Agent Name

Environmental tobacco smoke

Major Category

Other Uses


Environmental tobacco smoke (ETS); Secondhand smoke (SHS); Passive smoking;


Pyrolysis Products


Average concentrations of particulate matter (PM2.5) in residences with smokers is 30 ug/m3; [Rom , p. 1394] Average PM2.5 concentrations in casinos are 63 ug/m3, about 9 times higher than concentrations outside; [PMID 20160761]


Exposure to environmental tobacco smoke (ETS) is associated with lung cancer, cardiovascular disease, and respiratory effects in studies of people who never smoked. [Levy, p. 148] Workers in bars, restaurants, and offices are exposed to environmental tobacco smoke, which is designated by IARC as a Group 1 human carcinogen. [Siemiatycki, p. 327] "The results of both study designs [case control and cohort] may be affected by inaccurate assessment of exposure to SHS, by inaccurate information on personal smoking habits that leads to classification of smokers as nonsmokers, by failure to assess and control for potential confounding factors, and by the misdiagnosis of a cancer at another site as a primary cancer of the lung." [Schottenfeld, p. 374] The best available biomarker for ETS is cotinine. "However, because the half-life for cotinine is about 17 h, it does not provide a valid marker for past ETS exposure. Therefore, unless a prospective study of ETS exposure and lung cancer in non-smokers is being conducted, there is presently no valid and reliable biomarker for past ETS exposure." [PMID 12379877] Average levels of ETS exposure are comparable for home and unregulated work environments, but some bars and restaurants have exceptionally high levels. [PMID 16880370] Producing tumors from cigarette smoke in experimental animals is difficult. "To compensate, the animals are treated with much higher doses of smoke than those humans in real life are usually exposed to. For example, most smoke inhalation studies in rodents administer doses of smoke with an average total particulate matter, which corresponds to a human smoking of 2-4 packs of cigarettes per day. . . . Consequently, although the causal link between SHS exposure and lung cancer development is well-established, the estimated risk for developing lung cancer consequent to SHS exposure remains somewhat debatable." [PMID 18598930] Randomly selected participants from electoral rolls in central Italy included 977 smokers and 2402 nonsmokers. Of the nonsmokers, 882 were exposed to ETS, and 1520 were not, based on self-report. Average serum cotinine levels were 2.8 (ETS nonexposed nonsmokers), 4.4 (ETS exposed nonsmokers), and 277.3 (current smokers). [PMID 12908713] "A recent study on women participating in a prenatal clinic in Philadelphia found that 73% of those who classified themselves as nonsmokers had urinary cotinine values above 80 ng/ml, the cutoff used to distinguish smokers from nonsmokers." [19125149] The difference was greater than 24% in five studies that compared prevalence estimates of smoking based on self-reported and measured values. [PMID 19246437] The average urinary cotinine levels from hospitalized children aged 3 to 27 months was 0.44 ng/mg creatinine (no exposure), 4.10 (parents smoke outside the house), and 5.30 (parents smoke inside the house). [PMID 11801622] See the hazardous job task, "Exposed to tobacco smoke working in unregulated bars, restaurants, or casinos."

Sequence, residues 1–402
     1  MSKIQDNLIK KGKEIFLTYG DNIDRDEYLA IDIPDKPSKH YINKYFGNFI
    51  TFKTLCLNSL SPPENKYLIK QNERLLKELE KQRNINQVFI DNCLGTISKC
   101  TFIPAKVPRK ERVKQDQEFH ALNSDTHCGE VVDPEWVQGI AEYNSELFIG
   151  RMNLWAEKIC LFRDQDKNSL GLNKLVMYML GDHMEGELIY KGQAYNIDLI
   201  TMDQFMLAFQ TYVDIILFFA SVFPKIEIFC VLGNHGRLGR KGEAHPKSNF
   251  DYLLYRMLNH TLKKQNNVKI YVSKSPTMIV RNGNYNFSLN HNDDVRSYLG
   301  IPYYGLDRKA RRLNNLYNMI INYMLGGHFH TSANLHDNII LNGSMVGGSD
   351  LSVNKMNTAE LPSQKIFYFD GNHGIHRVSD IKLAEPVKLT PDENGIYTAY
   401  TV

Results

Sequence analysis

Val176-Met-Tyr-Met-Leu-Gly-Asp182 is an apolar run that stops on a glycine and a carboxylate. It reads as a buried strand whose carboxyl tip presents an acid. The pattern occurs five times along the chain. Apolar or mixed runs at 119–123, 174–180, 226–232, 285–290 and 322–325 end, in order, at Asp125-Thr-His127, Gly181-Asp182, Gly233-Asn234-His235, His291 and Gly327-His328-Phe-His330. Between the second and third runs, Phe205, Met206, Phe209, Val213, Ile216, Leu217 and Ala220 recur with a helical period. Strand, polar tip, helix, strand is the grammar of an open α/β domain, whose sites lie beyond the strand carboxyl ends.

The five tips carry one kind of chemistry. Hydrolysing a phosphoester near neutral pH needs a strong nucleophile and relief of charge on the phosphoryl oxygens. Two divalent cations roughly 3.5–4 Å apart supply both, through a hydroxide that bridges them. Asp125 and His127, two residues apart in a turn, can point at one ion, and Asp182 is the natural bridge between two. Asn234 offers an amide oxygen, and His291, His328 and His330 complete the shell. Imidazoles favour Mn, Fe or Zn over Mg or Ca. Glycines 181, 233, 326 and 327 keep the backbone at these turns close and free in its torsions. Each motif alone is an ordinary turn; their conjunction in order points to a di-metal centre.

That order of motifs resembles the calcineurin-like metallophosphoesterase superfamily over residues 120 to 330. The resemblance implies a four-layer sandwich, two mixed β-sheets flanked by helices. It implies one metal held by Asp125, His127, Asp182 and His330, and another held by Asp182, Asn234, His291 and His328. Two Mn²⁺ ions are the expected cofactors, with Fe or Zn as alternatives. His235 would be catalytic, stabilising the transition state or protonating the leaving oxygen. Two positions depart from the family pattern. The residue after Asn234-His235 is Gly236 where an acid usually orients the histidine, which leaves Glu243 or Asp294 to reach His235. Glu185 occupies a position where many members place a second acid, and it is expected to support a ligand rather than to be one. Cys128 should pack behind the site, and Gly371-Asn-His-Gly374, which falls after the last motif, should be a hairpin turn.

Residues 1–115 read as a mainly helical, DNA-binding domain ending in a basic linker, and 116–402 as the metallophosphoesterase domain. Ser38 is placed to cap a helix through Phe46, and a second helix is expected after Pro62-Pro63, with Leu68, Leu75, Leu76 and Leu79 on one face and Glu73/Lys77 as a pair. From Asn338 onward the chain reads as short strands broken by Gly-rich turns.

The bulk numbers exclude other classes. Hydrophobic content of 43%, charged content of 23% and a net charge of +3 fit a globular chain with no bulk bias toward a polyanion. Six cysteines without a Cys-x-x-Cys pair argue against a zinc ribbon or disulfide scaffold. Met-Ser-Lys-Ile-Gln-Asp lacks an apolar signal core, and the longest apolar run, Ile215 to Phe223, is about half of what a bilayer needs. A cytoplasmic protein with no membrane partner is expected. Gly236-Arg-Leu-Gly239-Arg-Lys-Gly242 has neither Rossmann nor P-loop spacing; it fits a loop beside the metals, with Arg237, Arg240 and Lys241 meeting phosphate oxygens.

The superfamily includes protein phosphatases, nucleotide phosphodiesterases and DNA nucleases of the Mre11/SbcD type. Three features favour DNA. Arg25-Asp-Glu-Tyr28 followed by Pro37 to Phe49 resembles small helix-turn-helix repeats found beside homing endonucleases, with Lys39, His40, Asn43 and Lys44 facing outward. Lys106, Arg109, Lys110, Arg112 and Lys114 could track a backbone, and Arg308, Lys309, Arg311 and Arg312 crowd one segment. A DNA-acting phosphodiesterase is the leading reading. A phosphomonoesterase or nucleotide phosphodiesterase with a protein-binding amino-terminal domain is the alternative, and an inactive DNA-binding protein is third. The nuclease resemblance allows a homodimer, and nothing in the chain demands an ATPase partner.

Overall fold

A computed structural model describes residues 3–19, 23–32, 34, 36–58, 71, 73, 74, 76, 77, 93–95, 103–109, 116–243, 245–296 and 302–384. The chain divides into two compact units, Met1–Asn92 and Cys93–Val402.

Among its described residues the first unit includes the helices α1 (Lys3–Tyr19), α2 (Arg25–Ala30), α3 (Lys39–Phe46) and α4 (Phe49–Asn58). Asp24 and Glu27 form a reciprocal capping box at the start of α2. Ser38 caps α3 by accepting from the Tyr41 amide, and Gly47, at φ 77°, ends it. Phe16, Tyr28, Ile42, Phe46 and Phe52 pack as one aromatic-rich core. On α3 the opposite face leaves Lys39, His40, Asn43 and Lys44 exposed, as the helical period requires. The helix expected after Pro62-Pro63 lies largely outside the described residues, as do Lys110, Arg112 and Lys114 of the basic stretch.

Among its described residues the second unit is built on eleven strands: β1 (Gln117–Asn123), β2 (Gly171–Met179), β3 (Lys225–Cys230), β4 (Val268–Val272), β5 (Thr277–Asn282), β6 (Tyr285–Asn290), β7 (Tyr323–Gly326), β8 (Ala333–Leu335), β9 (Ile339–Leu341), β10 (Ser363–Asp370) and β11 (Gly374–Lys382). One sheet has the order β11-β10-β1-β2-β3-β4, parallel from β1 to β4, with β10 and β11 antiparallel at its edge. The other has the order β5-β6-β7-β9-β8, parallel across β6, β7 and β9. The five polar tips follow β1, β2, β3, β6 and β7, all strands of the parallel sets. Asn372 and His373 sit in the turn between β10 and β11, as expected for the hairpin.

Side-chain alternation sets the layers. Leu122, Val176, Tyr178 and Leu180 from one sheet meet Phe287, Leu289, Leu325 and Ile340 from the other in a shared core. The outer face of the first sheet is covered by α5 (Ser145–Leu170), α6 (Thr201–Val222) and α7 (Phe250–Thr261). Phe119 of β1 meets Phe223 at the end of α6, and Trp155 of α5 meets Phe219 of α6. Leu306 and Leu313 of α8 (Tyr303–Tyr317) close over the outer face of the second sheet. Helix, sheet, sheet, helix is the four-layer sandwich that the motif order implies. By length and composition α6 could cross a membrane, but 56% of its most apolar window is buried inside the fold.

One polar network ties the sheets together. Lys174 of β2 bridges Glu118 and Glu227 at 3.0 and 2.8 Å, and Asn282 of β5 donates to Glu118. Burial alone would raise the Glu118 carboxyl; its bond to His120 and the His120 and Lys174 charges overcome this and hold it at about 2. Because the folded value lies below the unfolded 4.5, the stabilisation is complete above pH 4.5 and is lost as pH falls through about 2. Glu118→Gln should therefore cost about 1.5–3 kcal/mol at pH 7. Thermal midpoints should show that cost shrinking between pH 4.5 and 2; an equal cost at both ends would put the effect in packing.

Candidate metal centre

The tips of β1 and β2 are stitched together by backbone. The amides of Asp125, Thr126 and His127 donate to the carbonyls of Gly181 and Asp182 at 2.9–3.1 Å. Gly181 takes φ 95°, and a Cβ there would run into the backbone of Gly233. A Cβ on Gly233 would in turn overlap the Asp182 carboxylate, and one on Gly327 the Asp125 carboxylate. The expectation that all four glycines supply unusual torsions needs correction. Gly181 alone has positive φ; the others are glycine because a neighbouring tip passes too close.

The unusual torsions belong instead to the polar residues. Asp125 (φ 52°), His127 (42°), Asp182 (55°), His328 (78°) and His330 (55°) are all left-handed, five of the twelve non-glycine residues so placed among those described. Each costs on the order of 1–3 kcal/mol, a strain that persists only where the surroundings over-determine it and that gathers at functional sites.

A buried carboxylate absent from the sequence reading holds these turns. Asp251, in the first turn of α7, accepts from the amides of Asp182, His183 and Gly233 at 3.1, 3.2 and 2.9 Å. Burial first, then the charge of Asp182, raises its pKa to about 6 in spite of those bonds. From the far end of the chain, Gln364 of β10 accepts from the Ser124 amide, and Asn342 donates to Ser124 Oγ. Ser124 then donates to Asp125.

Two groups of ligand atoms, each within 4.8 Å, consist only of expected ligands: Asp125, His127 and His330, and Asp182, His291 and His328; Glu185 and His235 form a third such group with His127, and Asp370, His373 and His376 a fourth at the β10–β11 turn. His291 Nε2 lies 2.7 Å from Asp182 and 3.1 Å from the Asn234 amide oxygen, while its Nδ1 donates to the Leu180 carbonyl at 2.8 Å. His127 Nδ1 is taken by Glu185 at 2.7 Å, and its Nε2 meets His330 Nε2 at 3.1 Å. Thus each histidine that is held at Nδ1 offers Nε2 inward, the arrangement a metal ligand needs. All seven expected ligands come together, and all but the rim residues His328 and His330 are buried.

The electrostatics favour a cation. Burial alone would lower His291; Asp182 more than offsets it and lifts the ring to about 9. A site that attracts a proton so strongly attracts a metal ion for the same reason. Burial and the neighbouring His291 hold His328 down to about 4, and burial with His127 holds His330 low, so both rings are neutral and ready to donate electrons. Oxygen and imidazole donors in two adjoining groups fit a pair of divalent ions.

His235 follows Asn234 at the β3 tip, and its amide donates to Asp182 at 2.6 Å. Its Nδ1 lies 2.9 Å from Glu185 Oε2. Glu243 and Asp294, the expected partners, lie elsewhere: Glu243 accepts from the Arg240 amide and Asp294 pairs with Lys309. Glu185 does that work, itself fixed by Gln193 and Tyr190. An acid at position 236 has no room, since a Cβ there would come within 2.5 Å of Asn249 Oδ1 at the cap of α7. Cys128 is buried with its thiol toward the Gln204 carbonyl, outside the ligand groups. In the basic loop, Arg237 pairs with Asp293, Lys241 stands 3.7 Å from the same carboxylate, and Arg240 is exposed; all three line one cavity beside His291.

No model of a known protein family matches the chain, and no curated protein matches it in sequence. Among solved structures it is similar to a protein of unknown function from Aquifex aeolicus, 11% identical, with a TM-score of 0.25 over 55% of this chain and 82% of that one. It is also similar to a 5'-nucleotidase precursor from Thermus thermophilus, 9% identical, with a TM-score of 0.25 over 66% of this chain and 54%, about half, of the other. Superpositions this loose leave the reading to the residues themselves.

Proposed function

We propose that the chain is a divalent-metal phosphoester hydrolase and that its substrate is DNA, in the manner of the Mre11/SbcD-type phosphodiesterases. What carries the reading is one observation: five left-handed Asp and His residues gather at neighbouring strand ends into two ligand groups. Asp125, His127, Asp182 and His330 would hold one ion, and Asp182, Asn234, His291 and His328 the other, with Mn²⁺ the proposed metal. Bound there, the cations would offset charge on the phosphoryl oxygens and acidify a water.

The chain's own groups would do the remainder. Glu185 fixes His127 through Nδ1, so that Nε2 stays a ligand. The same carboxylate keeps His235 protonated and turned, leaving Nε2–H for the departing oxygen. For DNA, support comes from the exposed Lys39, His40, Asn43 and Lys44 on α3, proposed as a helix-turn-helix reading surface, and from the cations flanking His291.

Adverse Effects
IARC Carcinogen

Known Carcinogen

Links to Other NLM Databases
Toxicity Information


Related Information in HazMap

Occupational diseases associated with exposure to this agent: